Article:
Effective leaders hold themselves accountable for establishing work environments that provide safety and respect while helping the organization meet business and financial goals. Effectively handling conflict encompasses both of these objectives.
Craig E. Runde and Tim A. Flanagan
This essay takes a look at some conflict considerations that management should be aware of and factor into their daily management strategies. It includes current local and international conflict studies and best practices, and should form an essential part of modern middle to senior corporate management focus.
Updating the place and importance of disciplinary inquiries
In my national workplace conflict consultancy we notice that the majority of employers view the disciplinary process as:
(a) an unavoidable workplace irritation;
(b) that should be disposed of as quickly and cheaply as possible, and
(c) as a process which is essentially damage control.
Senior management that are not directly involved in such disciplinary process are hardly consulted, and may only become aware of such conflicts as part of an annual statistic survey, a cost debate or when such conflict has escalated to more formal dispute resolution (such as the CCMA) or even litigation. Decisions as to the outcomes of these processes are often predetermined by designated employees such as HR managers, or wholly or in part outsourced to external consultants who have little or no advanced and current knowledge of the company’s current management goals and dynamics, and who are similarly involved in simply following the past of least risk and direct costs.
This results in important decisions, with significant cost and other risk implications, being taken at crucial times by people who may be unskilled, unaware of all of the current facts and considerations and/or inexperienced in all of the moving parts and leadership considerations that may have been relevant upon a detailed and more considered investigation.
Counting the costs of mismanaging disciplinary inquiries
In approaching internal disciplinary inquiries as necessary evils, as grudge events to be approached as hostile environments and events that have to be disposed of as quickly as possible, management runs the risk of incurring direct and indirect costs that are as unnecessary as they are harmful. The direct costs of how internal disciplinary costs are managed are of course often quite easy to anticipate and assess. These include the cost of internal personnel and consultants involved, settlement or severance packages negotiated and agreed upon, external costs such as legal costs, expert witnesses and judgments, awards and settlement packages. These costs can, at least while the process is still an internal one, be budgeted for and managed.
The indirect costs involved in getting the management of an internal disciplinary inquiry wrong are far more difficult to discern and to manage. These include the loss of valuable staff that could and should have been retained, the retention of staff that should have been dismissed, wasted costs incurred during the disciplinary inquiry (such as salaries payable during the process, unnecessary postponements and delays), and then the very significant costs that are difficult, if not impossible, to quantify, such as the loss of production, the loss of motivation and dedication, the harm done to important workplace relationships, internal silos and alliances created or harmed, workplace culture being affected, branding and image damage and so on.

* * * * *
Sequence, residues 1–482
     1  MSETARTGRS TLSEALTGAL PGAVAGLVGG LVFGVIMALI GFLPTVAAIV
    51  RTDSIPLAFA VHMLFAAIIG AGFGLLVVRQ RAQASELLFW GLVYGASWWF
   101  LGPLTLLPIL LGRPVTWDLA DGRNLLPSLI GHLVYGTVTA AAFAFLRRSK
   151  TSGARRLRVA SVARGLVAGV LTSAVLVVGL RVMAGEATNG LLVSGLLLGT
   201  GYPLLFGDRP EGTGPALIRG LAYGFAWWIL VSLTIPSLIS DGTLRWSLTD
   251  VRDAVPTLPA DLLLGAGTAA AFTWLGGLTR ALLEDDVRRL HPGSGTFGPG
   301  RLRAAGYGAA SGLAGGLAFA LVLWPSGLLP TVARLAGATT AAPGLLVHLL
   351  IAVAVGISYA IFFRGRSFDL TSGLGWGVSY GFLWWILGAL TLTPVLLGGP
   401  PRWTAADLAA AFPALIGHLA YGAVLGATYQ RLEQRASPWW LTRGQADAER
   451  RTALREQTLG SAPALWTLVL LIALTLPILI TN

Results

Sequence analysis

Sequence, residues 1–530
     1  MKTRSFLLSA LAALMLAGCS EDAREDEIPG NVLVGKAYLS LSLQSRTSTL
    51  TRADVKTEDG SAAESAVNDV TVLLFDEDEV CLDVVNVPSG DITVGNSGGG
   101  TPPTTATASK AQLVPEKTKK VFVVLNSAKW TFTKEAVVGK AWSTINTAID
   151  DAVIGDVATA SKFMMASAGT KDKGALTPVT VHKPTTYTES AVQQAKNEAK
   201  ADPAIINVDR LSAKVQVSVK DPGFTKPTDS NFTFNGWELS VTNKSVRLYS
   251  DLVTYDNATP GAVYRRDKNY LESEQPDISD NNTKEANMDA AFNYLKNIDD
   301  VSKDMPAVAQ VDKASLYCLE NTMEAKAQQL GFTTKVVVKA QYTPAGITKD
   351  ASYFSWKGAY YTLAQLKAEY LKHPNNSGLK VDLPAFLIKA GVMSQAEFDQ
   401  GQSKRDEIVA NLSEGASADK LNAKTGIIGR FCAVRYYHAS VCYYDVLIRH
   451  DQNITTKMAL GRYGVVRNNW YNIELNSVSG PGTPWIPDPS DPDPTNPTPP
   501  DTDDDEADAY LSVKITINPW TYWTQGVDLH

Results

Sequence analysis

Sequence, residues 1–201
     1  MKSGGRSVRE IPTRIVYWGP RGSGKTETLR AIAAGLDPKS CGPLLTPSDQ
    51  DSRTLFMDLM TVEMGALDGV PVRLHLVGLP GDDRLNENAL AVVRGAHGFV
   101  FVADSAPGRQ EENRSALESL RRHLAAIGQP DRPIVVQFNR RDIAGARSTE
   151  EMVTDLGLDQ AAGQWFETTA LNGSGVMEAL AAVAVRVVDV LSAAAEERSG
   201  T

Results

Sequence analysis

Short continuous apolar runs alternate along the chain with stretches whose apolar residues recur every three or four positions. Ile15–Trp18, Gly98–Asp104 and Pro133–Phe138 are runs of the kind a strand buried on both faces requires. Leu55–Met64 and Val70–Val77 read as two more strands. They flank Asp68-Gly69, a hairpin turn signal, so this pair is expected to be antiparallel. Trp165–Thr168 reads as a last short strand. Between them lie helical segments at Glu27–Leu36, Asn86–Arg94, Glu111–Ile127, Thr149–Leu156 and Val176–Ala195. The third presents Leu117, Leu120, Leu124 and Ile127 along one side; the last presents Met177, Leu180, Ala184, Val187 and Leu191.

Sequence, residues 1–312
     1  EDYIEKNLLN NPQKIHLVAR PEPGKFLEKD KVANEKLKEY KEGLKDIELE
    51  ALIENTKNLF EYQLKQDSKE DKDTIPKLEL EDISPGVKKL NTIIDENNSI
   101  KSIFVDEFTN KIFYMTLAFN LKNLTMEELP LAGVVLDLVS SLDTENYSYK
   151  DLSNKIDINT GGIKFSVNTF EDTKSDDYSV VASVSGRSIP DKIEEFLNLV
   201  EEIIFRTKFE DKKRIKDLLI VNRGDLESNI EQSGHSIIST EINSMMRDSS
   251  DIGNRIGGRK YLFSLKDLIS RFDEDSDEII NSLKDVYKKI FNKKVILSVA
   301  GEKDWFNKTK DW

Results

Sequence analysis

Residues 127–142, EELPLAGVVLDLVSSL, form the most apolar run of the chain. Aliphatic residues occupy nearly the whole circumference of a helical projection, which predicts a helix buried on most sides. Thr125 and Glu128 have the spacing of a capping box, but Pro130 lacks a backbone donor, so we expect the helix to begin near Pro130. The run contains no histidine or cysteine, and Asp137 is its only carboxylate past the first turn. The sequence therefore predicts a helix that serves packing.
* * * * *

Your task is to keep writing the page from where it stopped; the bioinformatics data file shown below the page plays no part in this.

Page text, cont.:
Is it really responsible and skilful management practice to budget these costs and losses into the larger strategic picture and be done with it? What about the lost opportunities, the improved workplace culture, productivity, team motivation, performance enhancements and overall better leadership opportunities that fall by the wayside if the only approach is one of damage control?
Important additional management strategic considerations Management does not always bear in mind that any further assessments of the work done during the internal disciplinary process is the set of facts that a subsequent dispute resolution forum such as the CCMA, Bargaining Council or court will be dealing with. That snapshot of events as they were assembled, presented and argued as at the time of the hearing will, more often than not, be the facts and arguments that the employer will be limited to if the conflict goes to the next level of resolution. The tacit management acceptance that lawyers or consultants can later on “fix” initial mistakes, oversights or strategical miscalculations is therefore completely misplaced. The facts and arguments as presented at the time of the disciplinary inquiry will, in all but the rarest occasions, be the facts and arguments that management will be armed with at such subsequent conflict events.